Nice to Nantes.

Trip Start May 30, 2013
Trip End Nov 25, 2013

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Where I stayed
With French friends Arlette and Pierre

Flag of France  , Pays de la Loire,
Thursday, July 18, 2013

Nice to Nantes, France
Our final day in Nice and it is Bastille Day. A last few hours spent strolling the Old quarter for some last minute shopping, packing of bags, and we were ready for a final farewell walk after dinner to the Promonade de Anglaise - the main road that follows the beach line from the Airport to the Port. We had thought there would be celebrations of fireworks , and we were not disappointed. Roadblocks set up to stop traffic on this normally very busy road, was the indication that something BIG was going to happen. We found an empty seat and positioned ourselves to ’people watch’ and get a great view too, of the beach area. Numbers swelled , and at 10pm sharp (had to wait till it was dark), the streets lights went out and we were all in darkness. The display started immediately from  2 naval boats moored a short way off shore . The Avenue is about 5  miles long and  was lined with people watching the brilliant show-
a wonderful 30  minute continuous show of MAJOR SIZED fireworks. A finale saw the whole sky lit completely and as it drew to crescendo , there was cheering and clapping from the HUGE crowd.. Then a long walk home via the Port, walking with thousands of people , straddling across the wide road - all making their way back to their homes on foot. A late night, but we  were glad we had stayed to watch the show.

Up early for our flight to Nantes- 1 hour flight on Air France, where we were met on arrival by Arlette and Pierre….some of our fNZ friends would have met them when they were in NZ 2 years ago. A quick trip to their home to drop off our luggage and we were off again, for an overview with them in their car to show us their very lovely  village and surrounding area. Cooling off with a  cool Sorbet in Cuce-sur-Erde on the riverbank early evening , and a lovely meal at their home at 10pm.The area of Nantes is VERY green (they have had a lot of rain until recently) - and after Nice it is like being in a lovely green forest. Arlette & Pierre ,although close to a main road, are in part of a  very old homestead grounds , that has been subdivided  (all the trees left) into 2 acres lots - the original gate into the large property is still used, and gives access right to the tram line, that now runs where Pierre used to dump his lawn clippings. It is 10pm while I am writing and it is still daylight - strange !!!!

Pierre has an expression about Brittany, France - he says …..“it only rains twice a week in Brittany”, first time for 3 days, then 2nd time for 4 days”!!!! …BUT we’ re lucky and the days are HOT and sunny . Again this morning we set off in the car for a day they had planned for us - through the French countryside, and passing the salt marshes for which Brittany is famous . The women of the salt marshes were expected to carry up to 30kg’s on their heads , while working in the marshes. For almost 1500 years , generations of 'Salters' have shaped and managed this unique landscape- with a presence of 180 species of birds present in the marshes. Each year , an average of 10,000 tons of rough salt are produced, covering almost 2,000 hectares. Thatched cottages, many fields of cut and rolled hay bales waiting to be collected- cornfields and 2 lovely old original windmills, still working. This area is steeped in Celtic history. After making purchases of varieties of salt from a stall being run by a Grandson of his 80 year old Grandparents salt farm, our next stop was Guerande,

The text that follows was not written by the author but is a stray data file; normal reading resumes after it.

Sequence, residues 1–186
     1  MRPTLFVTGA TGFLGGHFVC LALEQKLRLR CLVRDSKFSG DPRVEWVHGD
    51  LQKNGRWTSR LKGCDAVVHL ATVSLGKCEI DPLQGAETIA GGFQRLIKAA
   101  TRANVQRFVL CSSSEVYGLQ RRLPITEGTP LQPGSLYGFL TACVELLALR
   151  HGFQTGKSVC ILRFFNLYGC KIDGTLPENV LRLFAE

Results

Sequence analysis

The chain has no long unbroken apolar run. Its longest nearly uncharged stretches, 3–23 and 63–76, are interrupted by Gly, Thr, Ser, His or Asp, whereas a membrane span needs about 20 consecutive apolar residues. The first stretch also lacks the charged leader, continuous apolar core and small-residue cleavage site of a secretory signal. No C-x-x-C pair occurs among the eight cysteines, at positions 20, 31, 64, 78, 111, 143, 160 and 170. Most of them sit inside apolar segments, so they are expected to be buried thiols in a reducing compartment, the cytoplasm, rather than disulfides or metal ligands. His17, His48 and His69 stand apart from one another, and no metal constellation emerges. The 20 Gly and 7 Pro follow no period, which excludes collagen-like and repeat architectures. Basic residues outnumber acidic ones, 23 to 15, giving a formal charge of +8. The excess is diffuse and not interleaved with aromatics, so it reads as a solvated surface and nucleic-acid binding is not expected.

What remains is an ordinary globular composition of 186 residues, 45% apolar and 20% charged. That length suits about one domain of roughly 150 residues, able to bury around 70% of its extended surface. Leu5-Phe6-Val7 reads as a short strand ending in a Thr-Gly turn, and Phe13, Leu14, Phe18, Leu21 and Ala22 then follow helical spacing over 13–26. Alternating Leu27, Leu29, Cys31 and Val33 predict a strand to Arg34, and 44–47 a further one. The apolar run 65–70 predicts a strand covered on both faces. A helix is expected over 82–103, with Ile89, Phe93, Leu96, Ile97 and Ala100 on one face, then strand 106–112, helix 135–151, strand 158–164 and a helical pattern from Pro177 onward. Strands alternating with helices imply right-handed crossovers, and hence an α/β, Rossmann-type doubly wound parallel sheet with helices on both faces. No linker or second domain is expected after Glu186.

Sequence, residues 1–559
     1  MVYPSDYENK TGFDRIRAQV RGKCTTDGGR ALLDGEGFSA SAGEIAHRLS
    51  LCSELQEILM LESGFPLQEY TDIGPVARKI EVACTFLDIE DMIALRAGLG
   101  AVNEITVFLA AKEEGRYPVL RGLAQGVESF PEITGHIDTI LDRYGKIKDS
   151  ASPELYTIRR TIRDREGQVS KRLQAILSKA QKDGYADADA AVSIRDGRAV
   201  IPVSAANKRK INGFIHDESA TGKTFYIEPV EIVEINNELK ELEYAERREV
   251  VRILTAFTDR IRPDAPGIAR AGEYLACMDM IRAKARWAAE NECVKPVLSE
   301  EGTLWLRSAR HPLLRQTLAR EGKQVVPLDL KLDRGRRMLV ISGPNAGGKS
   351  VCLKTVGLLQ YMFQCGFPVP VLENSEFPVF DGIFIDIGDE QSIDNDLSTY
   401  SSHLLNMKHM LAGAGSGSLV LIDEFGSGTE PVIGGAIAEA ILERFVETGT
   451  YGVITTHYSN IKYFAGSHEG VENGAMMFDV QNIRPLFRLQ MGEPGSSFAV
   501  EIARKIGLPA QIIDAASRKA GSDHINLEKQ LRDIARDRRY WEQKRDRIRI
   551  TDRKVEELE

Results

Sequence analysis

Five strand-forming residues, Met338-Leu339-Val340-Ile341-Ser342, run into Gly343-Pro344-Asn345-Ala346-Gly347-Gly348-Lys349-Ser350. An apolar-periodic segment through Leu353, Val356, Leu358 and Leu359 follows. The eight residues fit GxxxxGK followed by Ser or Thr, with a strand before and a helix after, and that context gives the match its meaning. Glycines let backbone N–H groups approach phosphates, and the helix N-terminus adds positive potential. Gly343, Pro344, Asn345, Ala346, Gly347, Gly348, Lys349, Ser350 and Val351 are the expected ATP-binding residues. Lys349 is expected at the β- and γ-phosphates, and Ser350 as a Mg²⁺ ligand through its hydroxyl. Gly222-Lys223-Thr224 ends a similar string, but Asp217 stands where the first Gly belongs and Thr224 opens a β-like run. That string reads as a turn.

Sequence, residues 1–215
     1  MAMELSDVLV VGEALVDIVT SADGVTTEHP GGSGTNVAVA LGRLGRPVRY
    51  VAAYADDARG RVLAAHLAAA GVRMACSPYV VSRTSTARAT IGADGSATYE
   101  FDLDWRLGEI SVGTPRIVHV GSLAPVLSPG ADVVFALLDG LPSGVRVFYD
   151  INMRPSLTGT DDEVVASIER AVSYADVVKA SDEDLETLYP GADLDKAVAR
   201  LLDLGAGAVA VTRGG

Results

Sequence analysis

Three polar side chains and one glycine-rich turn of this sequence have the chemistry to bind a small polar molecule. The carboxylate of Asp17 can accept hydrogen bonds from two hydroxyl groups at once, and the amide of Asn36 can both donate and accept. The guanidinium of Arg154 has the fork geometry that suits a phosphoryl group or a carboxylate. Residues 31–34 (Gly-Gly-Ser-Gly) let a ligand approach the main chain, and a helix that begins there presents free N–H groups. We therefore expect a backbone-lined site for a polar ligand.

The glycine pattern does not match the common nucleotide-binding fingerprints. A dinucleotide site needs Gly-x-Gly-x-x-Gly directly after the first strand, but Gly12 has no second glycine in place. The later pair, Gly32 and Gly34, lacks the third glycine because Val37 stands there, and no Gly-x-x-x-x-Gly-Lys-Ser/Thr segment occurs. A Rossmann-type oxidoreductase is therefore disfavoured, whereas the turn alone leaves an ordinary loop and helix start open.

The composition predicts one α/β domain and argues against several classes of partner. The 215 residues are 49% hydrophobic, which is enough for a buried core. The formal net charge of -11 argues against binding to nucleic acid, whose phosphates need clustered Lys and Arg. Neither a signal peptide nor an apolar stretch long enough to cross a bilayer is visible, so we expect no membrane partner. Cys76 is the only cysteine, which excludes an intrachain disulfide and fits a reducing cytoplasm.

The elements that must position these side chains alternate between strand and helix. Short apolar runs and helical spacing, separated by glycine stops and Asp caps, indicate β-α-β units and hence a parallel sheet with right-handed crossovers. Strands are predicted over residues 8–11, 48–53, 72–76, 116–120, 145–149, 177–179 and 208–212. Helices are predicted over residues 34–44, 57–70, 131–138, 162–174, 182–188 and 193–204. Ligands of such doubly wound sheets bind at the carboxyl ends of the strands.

A walled Medieval city with a mote from the 1340’s with it’s formidable ramparts. The fort wall is one of the best preserved and complete in France - Its circumference stretches 1343 metres and includes 10 towers. During the 17th & 18th centuries , the city was transformed with Bourgeois houses being built in granite.. There are many Colombage medieval homes in beautiful condition that  were built with the “cross of St  Andre “ …I.e timber  beams and earth walls. After years of massacres and wars , the ramparts were completed, and improved….giving its inhabitants better safety due to its  fortifications during the 15th century. Leaving the safety of the walled village, we sat  outside the walls and moat in the cool shade of a large tree, eating a VERY large Baguette, before moving out to the coast and a finger of land that runs out to a very pretty fishing village called Le Croisic (nearest point of land across the Atlantic, being East coast of USA).

The principal French ‘port of prawns‘. Le Croisic offers the sea on your plate!!!
Sea bass, fish stews and many invitations to dine on fish products .The community forms a peninsula between the mouth of the Loire and the bay of Traict. Legend has it that the area was founded in the 5th century. We wandered this pretty port , with its Colombage old houses, lovely old back streets, which allowed us to take in the rich past of this ancient Corsair city and its many fine examples of architectural heritage. We finally drove the complete shoreline  - a raw, rugged coastline (it is on the Atlantic after all)…. Between rocks and coves - the granite coast of Le Croisic, still has reminders of its dark past - bunkers and fortifications for sea patrol of the coast for WW2 ,are still standing. This rugged coastline quickly mellowed into the beautiful very long crescent shaped beaches  of La Baule and Pornichet.
Many sun worshippers were taking advantage of the low tide, and it looked a very safe area to swim , with no waves. Many yachts out further, sailing , and we did stop in the heat, for a quiet few minutes under some huge trees along the Esplanade, noticing as we drove further south , that the whole boat marina empties of water at low tide, and every boat was left ‘high and dry’- one would have to chose carefully, when you wanted to take your boat out!!!!.